Fun fact: F-type stars can have a mass that's anywhere from 10 - 60 percent greater than the Sun.



We're getting into familiar territory now. The Sun is a G-type star.

G-type stars are much cooler than blue stars, which is why their color is different. Their temperature range is usually 5200 to 7500 Kelvin. Despite being called "yellow" stars, their colors can range from a blinding white to a sizzling red. The latter takes place when they start running out of hydrogen.


K-type stars are relatively cool. They're still 3500 – 5000 Kelvin, but when compared to the 25000 - 50000 Kelvin of blue giants, they're positively chilly.

Many K-type stars have an orange, yellow, or red appearance. They're pretty common in the universe and have been subject to lots of study. They're of particular interest to the debate about extraterrestrial life since they emit low levels of radiation and are stable for billions of years. If we ever find aliens, they'll probably be close to a K-type star


M-type stars are usually called "red dwarfs." Comprising 75 percent of stars in our solar neighborhood, they're the most common stars in the night sky, and many can be seen with the naked eye.


Brown dwarfs are a special kind of star. Sometimes called a "failed star" or a "star-planet hybrid," they lack the mass to create nuclear fusion, but they otherwise look and function like a star. They aren't actually brown, however. They range from an orange-red to a deep magenta.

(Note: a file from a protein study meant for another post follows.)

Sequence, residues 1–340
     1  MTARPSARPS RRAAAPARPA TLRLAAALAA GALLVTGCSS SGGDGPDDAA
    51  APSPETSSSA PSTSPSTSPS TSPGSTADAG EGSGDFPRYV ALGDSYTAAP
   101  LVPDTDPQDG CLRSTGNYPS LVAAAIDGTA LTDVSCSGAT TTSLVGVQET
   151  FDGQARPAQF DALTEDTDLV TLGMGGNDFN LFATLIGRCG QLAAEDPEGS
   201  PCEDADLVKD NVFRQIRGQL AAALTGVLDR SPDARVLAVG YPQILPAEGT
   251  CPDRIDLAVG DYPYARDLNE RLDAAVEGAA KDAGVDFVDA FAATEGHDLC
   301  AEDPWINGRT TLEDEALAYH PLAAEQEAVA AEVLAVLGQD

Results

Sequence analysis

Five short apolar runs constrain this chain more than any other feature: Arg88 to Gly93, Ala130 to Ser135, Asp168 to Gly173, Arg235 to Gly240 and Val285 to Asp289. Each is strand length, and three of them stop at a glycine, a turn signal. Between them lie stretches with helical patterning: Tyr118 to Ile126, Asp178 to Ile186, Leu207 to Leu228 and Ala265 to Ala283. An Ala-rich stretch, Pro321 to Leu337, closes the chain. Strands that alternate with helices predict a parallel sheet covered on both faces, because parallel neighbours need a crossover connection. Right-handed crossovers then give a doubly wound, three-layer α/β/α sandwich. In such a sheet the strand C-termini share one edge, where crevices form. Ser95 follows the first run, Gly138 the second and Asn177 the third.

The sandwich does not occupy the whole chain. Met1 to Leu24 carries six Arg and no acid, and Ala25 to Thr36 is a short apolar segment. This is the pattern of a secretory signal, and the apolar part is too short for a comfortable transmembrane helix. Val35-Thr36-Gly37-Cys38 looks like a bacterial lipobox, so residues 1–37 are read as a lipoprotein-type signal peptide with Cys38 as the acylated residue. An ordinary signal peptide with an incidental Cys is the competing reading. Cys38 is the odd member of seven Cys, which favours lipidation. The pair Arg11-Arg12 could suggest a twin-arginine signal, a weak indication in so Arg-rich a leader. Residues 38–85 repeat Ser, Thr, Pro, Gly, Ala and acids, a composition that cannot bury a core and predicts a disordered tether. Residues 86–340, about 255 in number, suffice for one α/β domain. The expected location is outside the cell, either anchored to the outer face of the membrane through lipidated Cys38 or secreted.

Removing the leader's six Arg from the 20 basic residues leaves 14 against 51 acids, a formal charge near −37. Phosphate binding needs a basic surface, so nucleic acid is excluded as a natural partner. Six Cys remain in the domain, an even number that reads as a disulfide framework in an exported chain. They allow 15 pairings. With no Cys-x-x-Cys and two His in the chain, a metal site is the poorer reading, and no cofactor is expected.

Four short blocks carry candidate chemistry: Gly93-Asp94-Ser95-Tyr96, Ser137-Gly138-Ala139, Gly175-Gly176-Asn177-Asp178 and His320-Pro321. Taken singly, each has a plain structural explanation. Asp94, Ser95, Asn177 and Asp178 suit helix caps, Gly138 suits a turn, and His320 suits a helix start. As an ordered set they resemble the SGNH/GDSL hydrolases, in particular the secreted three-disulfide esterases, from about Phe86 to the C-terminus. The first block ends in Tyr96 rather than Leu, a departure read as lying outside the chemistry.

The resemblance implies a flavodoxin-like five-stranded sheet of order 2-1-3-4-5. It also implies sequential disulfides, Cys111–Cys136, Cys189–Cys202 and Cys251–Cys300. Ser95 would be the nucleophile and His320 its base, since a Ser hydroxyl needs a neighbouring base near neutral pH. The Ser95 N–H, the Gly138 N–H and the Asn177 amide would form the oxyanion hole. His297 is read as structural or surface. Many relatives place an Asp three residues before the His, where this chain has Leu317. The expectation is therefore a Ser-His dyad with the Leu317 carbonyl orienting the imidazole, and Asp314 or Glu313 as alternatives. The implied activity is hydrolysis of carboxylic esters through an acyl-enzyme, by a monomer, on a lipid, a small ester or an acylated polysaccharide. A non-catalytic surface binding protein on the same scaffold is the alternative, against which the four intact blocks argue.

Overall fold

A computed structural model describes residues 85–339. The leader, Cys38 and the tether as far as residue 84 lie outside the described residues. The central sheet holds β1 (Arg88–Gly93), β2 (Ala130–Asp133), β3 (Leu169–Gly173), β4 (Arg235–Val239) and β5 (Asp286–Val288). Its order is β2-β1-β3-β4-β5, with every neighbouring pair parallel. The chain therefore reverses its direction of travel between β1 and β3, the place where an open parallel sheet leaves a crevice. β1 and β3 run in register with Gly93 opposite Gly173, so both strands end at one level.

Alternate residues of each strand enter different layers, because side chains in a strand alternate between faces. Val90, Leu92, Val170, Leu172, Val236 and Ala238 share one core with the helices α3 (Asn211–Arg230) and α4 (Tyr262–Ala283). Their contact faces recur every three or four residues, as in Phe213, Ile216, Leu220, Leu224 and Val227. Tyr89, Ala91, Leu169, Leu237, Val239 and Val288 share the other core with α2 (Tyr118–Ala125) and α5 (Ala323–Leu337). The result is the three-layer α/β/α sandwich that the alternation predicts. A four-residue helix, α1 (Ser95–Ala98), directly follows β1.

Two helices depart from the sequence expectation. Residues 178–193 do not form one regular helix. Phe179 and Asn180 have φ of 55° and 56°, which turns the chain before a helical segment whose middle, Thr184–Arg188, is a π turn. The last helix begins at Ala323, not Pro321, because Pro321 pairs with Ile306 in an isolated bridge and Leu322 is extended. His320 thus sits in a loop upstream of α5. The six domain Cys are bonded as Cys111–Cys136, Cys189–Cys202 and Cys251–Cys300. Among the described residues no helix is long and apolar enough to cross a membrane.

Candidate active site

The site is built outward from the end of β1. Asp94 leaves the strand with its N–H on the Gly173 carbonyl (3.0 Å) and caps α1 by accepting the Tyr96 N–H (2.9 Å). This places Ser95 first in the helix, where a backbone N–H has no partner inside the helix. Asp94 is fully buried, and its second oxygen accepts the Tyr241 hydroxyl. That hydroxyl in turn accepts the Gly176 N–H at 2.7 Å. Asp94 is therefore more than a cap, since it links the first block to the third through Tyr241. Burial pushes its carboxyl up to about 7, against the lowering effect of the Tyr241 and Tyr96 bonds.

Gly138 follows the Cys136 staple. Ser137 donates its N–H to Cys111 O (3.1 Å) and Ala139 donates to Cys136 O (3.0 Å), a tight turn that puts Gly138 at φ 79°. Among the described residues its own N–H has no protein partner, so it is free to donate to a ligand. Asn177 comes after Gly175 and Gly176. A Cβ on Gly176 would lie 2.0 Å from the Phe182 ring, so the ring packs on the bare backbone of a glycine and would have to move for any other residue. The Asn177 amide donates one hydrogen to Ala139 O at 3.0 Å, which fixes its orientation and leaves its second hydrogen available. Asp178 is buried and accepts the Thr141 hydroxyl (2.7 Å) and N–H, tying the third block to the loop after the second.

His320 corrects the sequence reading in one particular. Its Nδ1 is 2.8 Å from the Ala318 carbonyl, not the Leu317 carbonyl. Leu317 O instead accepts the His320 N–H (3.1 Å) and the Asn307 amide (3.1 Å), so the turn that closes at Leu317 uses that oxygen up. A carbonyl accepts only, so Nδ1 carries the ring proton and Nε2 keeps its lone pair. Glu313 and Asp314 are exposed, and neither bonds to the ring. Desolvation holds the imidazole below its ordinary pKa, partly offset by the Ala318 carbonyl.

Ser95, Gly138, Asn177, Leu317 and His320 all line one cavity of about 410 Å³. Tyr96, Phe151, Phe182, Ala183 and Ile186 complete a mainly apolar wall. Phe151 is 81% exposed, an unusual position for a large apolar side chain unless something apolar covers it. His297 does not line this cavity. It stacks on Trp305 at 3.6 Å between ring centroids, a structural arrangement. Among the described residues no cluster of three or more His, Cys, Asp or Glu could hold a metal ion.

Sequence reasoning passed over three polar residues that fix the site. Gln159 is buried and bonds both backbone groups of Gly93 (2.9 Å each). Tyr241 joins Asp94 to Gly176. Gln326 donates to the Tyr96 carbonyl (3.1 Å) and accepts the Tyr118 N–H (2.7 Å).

Do Stars Change Color?

Stars can change color over time. It happens during different stages of their life cycle as they create, burn, and eventually run out of hydrogen. They can also change form and color when they explode, leaving behind white cores or black holes in place of their former selves.

Another thing that can affect a star's appearance is their distance. If you've ever wondered why stars twinkle, it's because of their distance from our planet and the way that their light refracts when it hits Earth's atmosphere. Their color can appear different to our eyes for the same reason.

Does Age Impact Star Color?

You've already learned about how temperature can determine the color of a star, but that's not all that can. Age is another important factor in star color.

Since younger stars are burning hydrogen at fast rates, they tend to be hotter, brighter, and bluer than others. Meanwhile, older stars start to cool down as their hydrogen is depleted, and this can turn them red or orange. Darker colors are especially common among big, bloated supergiant stars that are dispersing their heat over a large area.

Fun fact: If you want to hold onto a piece of a star forever, you can name a star and have it officially added to the Star Register database.

To Infinity and Beyond

It's been suggested that 150 billion stars are born every year throughout the universe. This translates to 400 million stars per day! Between their colors, sizes, temperatures, and placements in the universe, the world of stars is definitely an assorted one. If you've ever marveled at its magnificence, you aren't alone.